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The Daily Campus

The Independent Voice of Southern Methodist University Since 1915

The Daily Campus

Voting 101: an SMU Professor’s Guide to Preparing for the Ballot

Photo credit: Tiffany Tertipes

Regardless of what party you vote with, election season is upon us. Here’s a first (or last) time voter’s guide on how to research before you vote, according to Communication Studies Assistant Professor Dr. Sam Martin.

Research Party Platforms Before Individual Candidates

“If you really don’t know anything about politics and you’re going to jump into the Democratic Primary, the first place to go is to and just read straight,” Martin says.

She suggests the same for those who identify as Republicans. Her theory behind this logic is that in order to become an educated party voter, one must first understand what each party stands for, something Martin thinks is not well understood by people today.

“It’s almost certainly true that your stereotype about what a Democrat is is wrong,” Martin says.

The same is true for Republicans; Martin thinks this comes as a result of people diving into candidate research rather than party platform research.

“If you go straight to the candidates, it’s going to be a little bit hard to discern differences,” Martin says. “You’re just going to be confused.”

Look at Both Sides

So why care about the other party and their politics? Martin advises that we read the platforms of both parties so that – regardless of who wins – we know what the president’s fundamental policy beliefs should be.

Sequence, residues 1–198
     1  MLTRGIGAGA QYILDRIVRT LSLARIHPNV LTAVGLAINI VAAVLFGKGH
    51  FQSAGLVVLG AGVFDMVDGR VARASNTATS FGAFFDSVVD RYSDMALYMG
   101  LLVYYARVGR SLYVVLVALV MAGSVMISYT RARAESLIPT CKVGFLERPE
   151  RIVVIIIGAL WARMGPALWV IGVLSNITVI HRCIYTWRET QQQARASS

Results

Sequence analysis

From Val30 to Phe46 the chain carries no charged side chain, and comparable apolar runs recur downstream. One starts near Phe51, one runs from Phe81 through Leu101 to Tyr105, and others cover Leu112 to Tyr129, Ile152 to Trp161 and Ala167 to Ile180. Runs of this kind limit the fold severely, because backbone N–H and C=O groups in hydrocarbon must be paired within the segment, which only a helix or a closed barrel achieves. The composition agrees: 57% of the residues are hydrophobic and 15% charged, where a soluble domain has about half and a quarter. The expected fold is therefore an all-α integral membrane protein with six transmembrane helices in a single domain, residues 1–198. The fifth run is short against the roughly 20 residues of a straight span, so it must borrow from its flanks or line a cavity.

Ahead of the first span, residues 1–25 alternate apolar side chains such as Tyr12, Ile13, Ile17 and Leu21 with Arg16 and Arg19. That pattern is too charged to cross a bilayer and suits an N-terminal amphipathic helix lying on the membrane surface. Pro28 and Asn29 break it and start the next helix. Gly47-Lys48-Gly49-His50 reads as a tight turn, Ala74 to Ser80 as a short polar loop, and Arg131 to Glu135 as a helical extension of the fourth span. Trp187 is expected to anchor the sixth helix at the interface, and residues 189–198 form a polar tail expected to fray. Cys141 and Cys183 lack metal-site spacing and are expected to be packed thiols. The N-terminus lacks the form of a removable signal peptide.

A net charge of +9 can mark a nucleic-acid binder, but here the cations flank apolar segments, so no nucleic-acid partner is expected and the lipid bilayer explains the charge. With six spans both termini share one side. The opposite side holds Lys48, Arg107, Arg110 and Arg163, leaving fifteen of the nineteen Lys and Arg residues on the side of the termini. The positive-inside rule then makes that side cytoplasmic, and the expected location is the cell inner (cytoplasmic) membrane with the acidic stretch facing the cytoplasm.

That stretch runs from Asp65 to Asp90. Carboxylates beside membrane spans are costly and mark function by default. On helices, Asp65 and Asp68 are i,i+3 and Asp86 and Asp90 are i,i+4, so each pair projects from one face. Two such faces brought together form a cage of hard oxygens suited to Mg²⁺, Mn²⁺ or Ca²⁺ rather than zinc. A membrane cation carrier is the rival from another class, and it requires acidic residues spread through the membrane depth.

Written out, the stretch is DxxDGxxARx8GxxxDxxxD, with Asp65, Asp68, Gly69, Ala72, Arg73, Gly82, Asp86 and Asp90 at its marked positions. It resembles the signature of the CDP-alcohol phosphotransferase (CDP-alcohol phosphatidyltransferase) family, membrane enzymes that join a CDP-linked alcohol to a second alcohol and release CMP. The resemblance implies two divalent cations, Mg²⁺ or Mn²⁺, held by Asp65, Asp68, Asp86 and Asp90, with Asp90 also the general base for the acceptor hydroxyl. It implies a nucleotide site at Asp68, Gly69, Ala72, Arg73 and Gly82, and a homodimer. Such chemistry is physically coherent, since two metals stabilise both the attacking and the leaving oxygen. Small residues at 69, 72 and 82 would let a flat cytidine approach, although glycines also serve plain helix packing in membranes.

Martin emphasizes that the people are the sovereign: we, as voting citizens, rule this country. The position of the president, as this country is designed, is answerable to everyone, no matter their political leanings.

“You should be interested in what the other party is doing or who they’re thinking about choosing because that person is answerable to you,” Martin says. “We are in this together.”

Separate the Party from the Person (and the Winning from the Democracy)

Martin refers to voters as “co-citizens involved in a democratic process.”

“We shouldn’t be so worried about defending our candidate,” Martin says.

The mindset that “I want to win, but even more than that, I want this person to lose,” makes a democracy unhealthy, Martin says. A majority of votes cast in the 2016 presidential election were justified by this mindset, which is why so much controversy came from the results.

Martin suggests that we find an issue we are passionate about on the other side that we don’t agree with but can understand where the opposing party is coming from. She says that this humanizes the other party and makes us understand that they have reason.

“Do the uncomfortable work of understanding the opposite,” Martin says.

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